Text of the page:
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heartland towns

Aiken, SC

Bennettsville, SC

Blythewood, SC

Camden, SC

Cary, NC

Chapel Hill, NC

Charlotte, NC

Cheraw, SC

Columbia, SC

Durham, NC

Fairfield County, SC

Fayetteville, NC

Florence, SC

Goldsboro, NC

Greensboro, NC

Greenwood, SC

Hartsville, SC

Hickory, NC

High Point, NC

Lexington, SC

Lincolnton, NC

Manning, SC

Marion County, SC

Newberry, SC

North Augusta, SC

Orangeburg, SC

Pinehurst, NC

Pittsboro, NC

Raleigh, NC

Sanford, NC

Santee, SC

Sumter, SC

Vance County, NC

Winnsboro, SC

Winston-Salem, NC

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Raleigh
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Center for Carolina Living It’s fiesta time! Once the local farmers market, Raleigh’s City Market today is a cluster of restaurants, shops and nightclubs. The 1914 Spanish Mission-style center attracts fun-lovers to its famous cobblestone streets.
Photo courtesy of Greater Raleigh CVB
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walking raleigh/durham
written by rebecca c. mann.
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Heartlands</td>
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Raleigh and cary
AND research triangle park

Click here
An Insiders' View
to Life in Raleigh
and the Triangle


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uperbly situated between the mountains and the Atlantic Ocean, Raleigh and Cary both have  convenient location, comfortable four-season climate, abundance of good jobs, greenway system and family-friendly atmosphere that make these cities a mecca for transplants from around the nation.

Once a sleepy Southern capital, Raleigh -- “The City of Oaks” -- now constantly ranks among the best places to live in the U.S.

“I love it,” says Heidi Tyson, a self-described housemother who moved to North Raleigh from a Chicago suburb with her husband and three daughters. “The people are really friendly and helpful. It’s a very easy town in which to get around.”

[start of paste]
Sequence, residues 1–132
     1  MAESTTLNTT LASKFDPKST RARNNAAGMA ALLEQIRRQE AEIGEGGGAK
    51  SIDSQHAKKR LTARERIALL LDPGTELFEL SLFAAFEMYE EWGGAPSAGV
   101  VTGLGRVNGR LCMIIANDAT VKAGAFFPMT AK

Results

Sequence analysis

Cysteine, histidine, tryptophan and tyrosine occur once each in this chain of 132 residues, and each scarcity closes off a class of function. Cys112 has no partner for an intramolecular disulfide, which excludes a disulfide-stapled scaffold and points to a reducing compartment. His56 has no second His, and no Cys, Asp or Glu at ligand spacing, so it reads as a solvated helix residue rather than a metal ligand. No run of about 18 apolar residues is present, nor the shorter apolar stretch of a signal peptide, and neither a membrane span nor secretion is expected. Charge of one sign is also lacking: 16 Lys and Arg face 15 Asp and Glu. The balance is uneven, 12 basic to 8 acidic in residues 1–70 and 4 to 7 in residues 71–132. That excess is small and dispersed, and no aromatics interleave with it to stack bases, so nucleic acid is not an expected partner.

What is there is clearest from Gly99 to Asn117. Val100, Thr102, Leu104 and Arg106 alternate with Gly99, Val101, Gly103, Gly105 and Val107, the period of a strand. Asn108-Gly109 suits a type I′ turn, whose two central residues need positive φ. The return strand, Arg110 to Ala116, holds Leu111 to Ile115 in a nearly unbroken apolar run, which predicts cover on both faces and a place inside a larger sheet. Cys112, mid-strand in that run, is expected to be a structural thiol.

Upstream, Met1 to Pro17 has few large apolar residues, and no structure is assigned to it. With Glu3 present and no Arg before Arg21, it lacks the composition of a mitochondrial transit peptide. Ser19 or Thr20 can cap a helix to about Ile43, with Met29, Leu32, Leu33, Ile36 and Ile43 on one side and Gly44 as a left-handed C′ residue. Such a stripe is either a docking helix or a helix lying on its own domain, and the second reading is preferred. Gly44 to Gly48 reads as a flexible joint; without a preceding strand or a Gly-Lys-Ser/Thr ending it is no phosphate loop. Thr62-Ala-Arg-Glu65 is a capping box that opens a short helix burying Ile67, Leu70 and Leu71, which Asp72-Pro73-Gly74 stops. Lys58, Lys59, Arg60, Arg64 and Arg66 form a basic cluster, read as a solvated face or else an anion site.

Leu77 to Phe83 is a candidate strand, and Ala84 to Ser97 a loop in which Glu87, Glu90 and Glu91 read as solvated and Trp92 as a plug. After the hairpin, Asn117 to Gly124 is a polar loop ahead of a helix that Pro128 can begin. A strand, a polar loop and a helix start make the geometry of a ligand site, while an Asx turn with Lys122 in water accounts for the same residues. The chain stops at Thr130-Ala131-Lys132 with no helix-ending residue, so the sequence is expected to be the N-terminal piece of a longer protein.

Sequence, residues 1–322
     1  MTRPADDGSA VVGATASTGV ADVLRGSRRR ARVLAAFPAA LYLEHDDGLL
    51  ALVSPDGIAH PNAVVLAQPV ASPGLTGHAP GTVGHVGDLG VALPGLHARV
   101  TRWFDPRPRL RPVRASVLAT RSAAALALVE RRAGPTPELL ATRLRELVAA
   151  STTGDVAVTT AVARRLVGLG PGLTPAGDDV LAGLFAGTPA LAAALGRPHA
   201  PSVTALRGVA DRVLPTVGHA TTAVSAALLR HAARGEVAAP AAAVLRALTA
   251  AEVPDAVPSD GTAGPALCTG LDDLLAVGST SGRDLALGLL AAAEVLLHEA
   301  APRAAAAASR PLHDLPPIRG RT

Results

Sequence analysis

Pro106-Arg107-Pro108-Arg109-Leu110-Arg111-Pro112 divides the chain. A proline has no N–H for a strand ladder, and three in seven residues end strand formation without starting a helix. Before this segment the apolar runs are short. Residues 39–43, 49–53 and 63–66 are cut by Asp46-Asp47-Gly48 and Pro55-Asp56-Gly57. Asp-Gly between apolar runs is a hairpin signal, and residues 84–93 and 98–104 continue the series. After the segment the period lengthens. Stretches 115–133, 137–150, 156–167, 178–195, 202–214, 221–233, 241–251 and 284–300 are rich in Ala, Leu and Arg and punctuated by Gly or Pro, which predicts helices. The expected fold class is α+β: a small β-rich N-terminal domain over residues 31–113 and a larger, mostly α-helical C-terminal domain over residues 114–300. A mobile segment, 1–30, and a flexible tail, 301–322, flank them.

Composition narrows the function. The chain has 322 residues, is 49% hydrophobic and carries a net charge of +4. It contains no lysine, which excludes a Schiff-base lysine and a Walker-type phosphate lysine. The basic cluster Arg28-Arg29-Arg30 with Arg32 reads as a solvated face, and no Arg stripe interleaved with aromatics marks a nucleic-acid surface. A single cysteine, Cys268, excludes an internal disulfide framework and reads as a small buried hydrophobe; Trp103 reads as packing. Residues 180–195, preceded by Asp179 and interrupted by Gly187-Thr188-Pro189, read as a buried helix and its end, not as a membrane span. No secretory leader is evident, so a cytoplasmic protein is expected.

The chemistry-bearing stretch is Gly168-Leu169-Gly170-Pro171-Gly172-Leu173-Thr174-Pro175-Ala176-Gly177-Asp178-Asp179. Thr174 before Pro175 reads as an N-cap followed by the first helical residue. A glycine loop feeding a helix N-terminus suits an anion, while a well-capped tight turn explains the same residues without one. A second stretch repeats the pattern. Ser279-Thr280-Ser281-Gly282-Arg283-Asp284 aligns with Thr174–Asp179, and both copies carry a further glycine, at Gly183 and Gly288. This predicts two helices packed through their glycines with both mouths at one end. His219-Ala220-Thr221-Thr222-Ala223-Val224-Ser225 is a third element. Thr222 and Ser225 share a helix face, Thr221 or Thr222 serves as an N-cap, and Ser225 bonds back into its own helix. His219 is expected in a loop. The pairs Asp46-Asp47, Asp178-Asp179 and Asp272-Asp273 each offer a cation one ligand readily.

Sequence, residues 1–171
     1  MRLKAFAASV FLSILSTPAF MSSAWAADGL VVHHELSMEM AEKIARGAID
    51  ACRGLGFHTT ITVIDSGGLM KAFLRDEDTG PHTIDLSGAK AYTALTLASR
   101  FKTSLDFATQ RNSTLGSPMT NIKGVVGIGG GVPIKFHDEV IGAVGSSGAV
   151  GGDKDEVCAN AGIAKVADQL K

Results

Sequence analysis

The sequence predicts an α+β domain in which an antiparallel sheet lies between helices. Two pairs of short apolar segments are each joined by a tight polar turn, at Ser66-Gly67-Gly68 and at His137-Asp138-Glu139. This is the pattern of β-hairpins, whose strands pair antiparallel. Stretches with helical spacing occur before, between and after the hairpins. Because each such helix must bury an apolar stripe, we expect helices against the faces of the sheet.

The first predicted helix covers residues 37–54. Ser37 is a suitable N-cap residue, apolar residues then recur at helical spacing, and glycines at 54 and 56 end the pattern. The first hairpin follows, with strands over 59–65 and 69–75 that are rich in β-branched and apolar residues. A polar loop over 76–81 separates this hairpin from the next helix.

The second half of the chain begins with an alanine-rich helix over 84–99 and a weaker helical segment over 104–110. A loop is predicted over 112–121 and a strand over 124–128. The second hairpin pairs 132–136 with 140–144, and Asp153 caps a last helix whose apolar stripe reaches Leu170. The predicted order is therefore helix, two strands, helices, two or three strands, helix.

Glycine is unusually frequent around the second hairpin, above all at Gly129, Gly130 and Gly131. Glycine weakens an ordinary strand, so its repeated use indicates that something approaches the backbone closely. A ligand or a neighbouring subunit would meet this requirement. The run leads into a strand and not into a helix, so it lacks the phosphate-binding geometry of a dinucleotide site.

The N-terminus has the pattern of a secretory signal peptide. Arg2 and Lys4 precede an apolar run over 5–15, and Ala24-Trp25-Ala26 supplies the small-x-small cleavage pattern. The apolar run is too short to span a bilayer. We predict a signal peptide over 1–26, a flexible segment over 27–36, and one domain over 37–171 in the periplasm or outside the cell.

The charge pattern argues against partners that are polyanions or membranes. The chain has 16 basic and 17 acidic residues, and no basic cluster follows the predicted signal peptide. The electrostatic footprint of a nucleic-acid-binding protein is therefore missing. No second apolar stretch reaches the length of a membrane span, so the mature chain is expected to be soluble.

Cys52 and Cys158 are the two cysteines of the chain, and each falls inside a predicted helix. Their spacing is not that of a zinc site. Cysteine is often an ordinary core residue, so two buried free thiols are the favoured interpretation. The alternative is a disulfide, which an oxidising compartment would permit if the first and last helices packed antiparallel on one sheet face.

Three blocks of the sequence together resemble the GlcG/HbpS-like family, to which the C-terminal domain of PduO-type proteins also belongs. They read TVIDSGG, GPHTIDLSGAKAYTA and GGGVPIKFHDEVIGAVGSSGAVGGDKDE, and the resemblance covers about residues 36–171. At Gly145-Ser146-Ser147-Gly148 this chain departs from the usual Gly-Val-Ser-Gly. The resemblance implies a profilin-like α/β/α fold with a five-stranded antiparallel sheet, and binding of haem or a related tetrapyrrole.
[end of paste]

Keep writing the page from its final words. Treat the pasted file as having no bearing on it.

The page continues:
A compromise choice for North Carolina’s capital after much political wrangling, Raleigh is actually the only state capital in the nation established on land purchased for a government seat.

Founded in 1792, it was named after Sir Walter Raleigh, a 16th-century English explorer close to Queen Elizabeth I.

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ich in history, culture, education and the arts, Raleigh has been called “The Smithsonian of the South.” Among its acclaimed museums are The North Carolina Museum of Natural Sciences (the largest natural history museum in the Southeast), the North Carolina Museum of History, Exploris (an interactive museum with programs for all ages), the Contemporary Art Museum and the North Carolina Museum of Art.

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Center for Carolina Living Three hours from the mountains and
two hours to the coast, it's rich in history, culture, education and the arts.
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The performing arts also thrive. Raleigh is home to the North Carolina Symphony, the North Carolina Theatre, Walnut Creek Amphitheater and Raleigh Little Theatre, among other professional companies.

Its seven colleges and universities provide additional entertainment with dozens of productions each year. The seven schools include North Carolina State University, one of the country’s top research institutions, and Shaw University, the South’s oldest African-American university.

Known as a big sports town, Raleigh boasts one of the state’s two major-league franchises, the National Hockey League’s Carolina Hurricanes, the 2006 Stanley Cup Champions.
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The Research Triangle
Chapel Hill ~ Raleigh ~ Durham

Put three world-class universities together and you've got all the elements of great research and ground-breaking technology. Back in 1959, the Research Triangle Park was established as a joint effort by Duke University, the University of North Carolina, and North Carolina State University. They wanted to attract research, and with so many superlative minds in close proximity, success was a sure thing.

Today, the Park employs almost 50,000 people and has been honored with three Nobel Prize winners. There also are more colleges and universities around here, creating even more of a draw for the finest minds of our time. (This area has the highest concentration of PhDs in the nation.)

Of course, there's more to this area than research and technology. Those three schools and surrounding towns, including Cary,  have spawned some pretty fabulous sports, including the ongoing basketball rivals of UNC and Duke in the highly competitive ACC.
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Alan Breznick is primarily a business and technology writer, editor and analyst based in Raleigh, N.C. He has written for scores of newspapers and magazines, including The Washington Post, New York Newsday, Business Week, Business North Carolina, Triangle Business Journal, Sport and Parenting. He can be reached at albreznick@earthlink.net.
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